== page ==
"Lock to Lock"
Ilkeston - Barker's to Stenson's
w/e 13 September 2009
All this week's pictures were taken
with a Kodak DX6490
Following the longest section of our walk between
on the Erewash Canal" as the canal passes to the east
of Ilkeston, we have now reached the shortest section which is
from Barker's Lock to Stenson's Lock.
Immediately on leaving Barker's Lock there are two narrow boats
moored alongside a landing stage on the opposite bank of the
canal. Those white boards on each of the boats indicate on closer
inspection that they are both for sale so if you have in the
region of £65,000 you too could be the proud owner of a
To record this photo as your favourite
from this week's selection vote for "Boats For Sale"
Three more signs on the opposite bank make interesting reading
showing that Dilnot Ltd are suppliers of new narrow boats and
there is also a signwriting and painting business on the same
site which is no doubt very useful for adding the customary decoration
to the boats. The third sign bids welcome to The Moorings showing
it is part of B.C.F. - the Boater Christian Fellowship.
At the far end of the landing stage is a parade of artificial
animals. At least we hope they are artificial as we are not used
to seeing crocodiles (alligators?) roaming free in this part
of the world! Having said that whilst I was taking these photos
something in the water was trying desperately to pull a young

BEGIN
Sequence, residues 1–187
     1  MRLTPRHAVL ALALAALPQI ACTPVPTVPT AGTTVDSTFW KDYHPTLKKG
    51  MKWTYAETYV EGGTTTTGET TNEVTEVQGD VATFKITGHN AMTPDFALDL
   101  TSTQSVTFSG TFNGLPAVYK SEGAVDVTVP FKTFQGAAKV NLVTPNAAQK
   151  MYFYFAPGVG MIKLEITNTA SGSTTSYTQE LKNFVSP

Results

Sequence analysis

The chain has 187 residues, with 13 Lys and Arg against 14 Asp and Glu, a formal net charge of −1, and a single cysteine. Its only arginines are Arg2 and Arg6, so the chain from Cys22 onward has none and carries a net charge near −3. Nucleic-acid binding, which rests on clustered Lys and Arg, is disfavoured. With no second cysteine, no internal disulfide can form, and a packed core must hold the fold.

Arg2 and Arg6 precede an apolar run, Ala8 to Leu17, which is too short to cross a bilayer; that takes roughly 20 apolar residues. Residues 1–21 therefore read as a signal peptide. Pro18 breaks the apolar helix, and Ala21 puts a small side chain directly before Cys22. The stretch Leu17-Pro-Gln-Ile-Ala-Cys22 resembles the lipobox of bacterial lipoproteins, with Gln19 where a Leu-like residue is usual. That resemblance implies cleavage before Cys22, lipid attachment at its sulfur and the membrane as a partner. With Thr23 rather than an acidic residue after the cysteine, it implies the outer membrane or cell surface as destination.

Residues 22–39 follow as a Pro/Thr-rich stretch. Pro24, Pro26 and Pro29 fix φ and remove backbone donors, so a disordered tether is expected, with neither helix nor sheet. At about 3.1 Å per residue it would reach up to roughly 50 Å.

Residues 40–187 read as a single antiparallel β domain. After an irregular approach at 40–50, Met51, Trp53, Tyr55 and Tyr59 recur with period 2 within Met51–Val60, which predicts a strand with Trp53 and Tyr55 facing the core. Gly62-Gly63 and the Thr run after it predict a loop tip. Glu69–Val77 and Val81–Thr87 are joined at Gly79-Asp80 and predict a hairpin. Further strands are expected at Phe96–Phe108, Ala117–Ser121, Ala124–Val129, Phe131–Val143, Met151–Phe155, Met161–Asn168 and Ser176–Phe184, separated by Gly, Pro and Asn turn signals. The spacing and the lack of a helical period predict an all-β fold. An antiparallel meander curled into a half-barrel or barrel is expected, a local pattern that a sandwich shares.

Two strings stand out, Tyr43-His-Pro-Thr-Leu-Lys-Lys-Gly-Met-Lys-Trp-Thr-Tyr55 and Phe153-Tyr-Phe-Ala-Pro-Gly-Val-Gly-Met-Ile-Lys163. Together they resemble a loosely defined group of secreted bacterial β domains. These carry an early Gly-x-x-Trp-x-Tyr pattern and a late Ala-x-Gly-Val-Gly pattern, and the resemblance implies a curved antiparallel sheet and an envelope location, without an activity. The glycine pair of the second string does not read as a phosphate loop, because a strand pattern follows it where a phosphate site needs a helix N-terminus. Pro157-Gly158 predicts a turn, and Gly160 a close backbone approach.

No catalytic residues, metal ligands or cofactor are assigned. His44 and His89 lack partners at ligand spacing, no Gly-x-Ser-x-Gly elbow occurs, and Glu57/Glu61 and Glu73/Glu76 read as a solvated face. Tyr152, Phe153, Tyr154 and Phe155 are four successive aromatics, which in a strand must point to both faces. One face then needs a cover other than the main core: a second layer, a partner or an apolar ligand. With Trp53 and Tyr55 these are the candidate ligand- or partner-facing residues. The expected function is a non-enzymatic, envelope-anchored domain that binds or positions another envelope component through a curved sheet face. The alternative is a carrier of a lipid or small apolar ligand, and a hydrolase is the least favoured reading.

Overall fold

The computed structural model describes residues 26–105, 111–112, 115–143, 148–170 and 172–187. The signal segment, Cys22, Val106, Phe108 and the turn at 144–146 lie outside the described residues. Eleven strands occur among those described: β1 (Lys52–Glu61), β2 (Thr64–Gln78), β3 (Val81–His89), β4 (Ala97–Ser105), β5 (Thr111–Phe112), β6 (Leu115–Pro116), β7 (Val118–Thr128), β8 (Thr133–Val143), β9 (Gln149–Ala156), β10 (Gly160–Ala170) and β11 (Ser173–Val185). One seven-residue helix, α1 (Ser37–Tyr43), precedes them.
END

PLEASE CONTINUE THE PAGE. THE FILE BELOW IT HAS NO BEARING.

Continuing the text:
coot under amid loud squawks and cries of warning from all the
birds in the vicinity. We are not sure whether it was a water
rat or a large fish but trust it was not a living relative of
that plastic croc.
Beyond the landing stage, one of the post war developments in
Ilkeston saw the building of many properties on the Nelson Street
site and quite a few of them now back onto the canal.
Moving on the canal continues its northward journey before swinging
gently to the east increasing the gap between the houses and
the water. The eastern bank of the canal is bounded like much
of the rest of the route we have been following, by trees, hedges
and fences shielding the towpath walker from the industrial activities
Those industrial activities for the majority
of this stretch are mainly comprised of a coal distribution centre.
Peering through the green vegetation broken occasionally by a
splash of red rowan berries (above), the hoppers (left) where
coal is transferred to lorries can be seen standing high above
the fence line. Looking back to the canal (right) the eastward
detour is soon halted as it turns back to the north.
And as soon as have we round the bend, we come upon Stenson's
Lock. So within the relatively short distance from Awsworth Road,
the canal has gone up two significant levels and this should
mark the end of this series as Stenson's is the last of the six
locks. The canal however obviously continues towards the Langley
Mill Basin and still has a fair distance to travel before
leaving the Ilkeston boundary. I hope to add a bonus seventh
part to the series soon and continue along the towpath past Cotmanhay.
Before concluding this part though there is still time to look
over the playing field adjacent to Stenson's Lock. I've always
known this as Booth's Playing Field and vaguely remember playing
football on here in games lessons whilst at school. I also remember
that we had to walk to and from the ground from the centre of
town but I cannot recollect the route we followed. The memory
must still be in my head somewhere but the trouble is getting
it out! I
seem to remember an old railway carriage or something similar
that was used as a changing room but again the memory may be
playing tricks. If anyone can confirm any of this I'd love to
hear from you.
In the bonus part seven then, we'll continue from Stenson's Lock
and pass the Bennerley Viaduct, seen here (right) from the Booth's
Playing Field as we head further north.